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Opening Thursday July 27, 5:30-7:30

Artist Statement

I consider these paintings to be landscapes, although the objects in them often appear more manufactured than organic. Each work employs an aspect of illusion, a reference to three-dimensional space. Yet, upon examination, the forms depicted seem to be composed of nothing other than paint itself, or perhaps a related material, such as modeling clay. Appearing tactile, elements of the paintings twist and transform, becoming buildings, targets, ropes, sticks, bubbles, and areas of flat colour. There is a sense of movement that challenges the weight and solidity of the objects depicted. Larger forms are often composed of a multitude of small, repeated elements, creating works that are both detailed and minimalist.

A few of the paintings in this show came from a recent experiment in which I made very small works, then used them as templates for larger paintings. This led me into new territory. While I was working on them, the small paintings hung next to the larger ones, creating a back-and-forth dialogue between the larger and smaller images. The small paintings function as identification cards, or explanations, for the larger ones. I am presenting these pairs as asymmetrical diptychs to create a slightly humorous relationship between the pieces, inviting comparison and scrutiny.

The paintings also contain references to portraits and still lives. Many of the forms depicted are ambiguous, both in reference and in scale. A vegetal form might represent a tree, a plant, a gesture in paint, or a small part of someone’s face. For me, this preoccupation with shifting
scale is parallel to the experience of life, in which our routines and surroundings may be relatively simple, but they cannot be disentangled from the larger picture of climate crisis, inequality, and disintegrating social structure.

The themes visited in this show stem from a desire to extend the vocabulary of my painting while forming a metaphor for the chaos of contemporary life. Along with an inevitable blend of my daily perceptions and preoccupations, the works contain a contemplation of the larger period in which I paint. It is my hope that, when looking at the paintings, the viewer retains a sense of both scales, of our intimate lives against the macrocosm of our times.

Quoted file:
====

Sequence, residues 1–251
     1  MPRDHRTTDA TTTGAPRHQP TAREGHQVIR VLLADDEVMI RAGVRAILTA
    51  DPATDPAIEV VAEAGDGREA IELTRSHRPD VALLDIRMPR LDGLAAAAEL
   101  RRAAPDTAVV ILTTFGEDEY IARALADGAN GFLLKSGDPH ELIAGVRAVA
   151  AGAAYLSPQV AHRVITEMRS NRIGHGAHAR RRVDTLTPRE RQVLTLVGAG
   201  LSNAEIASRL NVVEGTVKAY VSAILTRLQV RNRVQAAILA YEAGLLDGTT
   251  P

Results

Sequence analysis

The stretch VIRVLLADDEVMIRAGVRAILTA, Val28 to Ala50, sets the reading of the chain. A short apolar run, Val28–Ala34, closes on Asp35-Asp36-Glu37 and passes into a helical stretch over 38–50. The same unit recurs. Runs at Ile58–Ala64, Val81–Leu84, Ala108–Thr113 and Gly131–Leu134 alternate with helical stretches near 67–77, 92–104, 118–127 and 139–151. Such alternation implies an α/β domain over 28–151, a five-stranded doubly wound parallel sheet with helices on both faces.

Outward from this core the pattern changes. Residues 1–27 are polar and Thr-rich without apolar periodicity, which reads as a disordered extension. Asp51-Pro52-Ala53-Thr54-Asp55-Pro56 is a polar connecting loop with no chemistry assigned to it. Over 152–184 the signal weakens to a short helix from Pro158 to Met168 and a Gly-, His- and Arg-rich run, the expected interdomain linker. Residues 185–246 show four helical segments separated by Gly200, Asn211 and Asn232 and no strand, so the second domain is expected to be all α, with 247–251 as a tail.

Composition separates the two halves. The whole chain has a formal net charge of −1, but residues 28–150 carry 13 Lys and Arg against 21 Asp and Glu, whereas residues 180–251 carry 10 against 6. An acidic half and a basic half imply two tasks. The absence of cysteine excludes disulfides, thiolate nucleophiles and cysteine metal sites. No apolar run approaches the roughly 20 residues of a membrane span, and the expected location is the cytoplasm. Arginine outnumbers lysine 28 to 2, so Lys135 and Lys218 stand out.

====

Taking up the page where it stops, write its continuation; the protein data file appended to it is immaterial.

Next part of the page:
Judith Berry lives and works in Montreal. She studied at the Nova Scotia College of Art and Design in Halifax and spent one year in the Studio Program at the Banff Centre School of Fine Arts. She has had solo exhibitions across Canada in Montreal, Toronto, Calgary and Ottawa. Judith has also shown in numerous group exhibitions including exhibitions at the Musée du Québec and the Canada Science and Technology Museum. Her work is in various collections including: the City of Ottawa, the Musée du Québec and the Art Bank of the Canada Council. She has served as a jury member for the Conseil des arts et des lettres du Québec and the City of Ottawa. She is represented by Galerie Art Mûr in Montreal.

Judith Berry, Hand to Hand, 2022


July 27, 2023 @ 8:00 am
September 9, 2023 @ 5:00 pm
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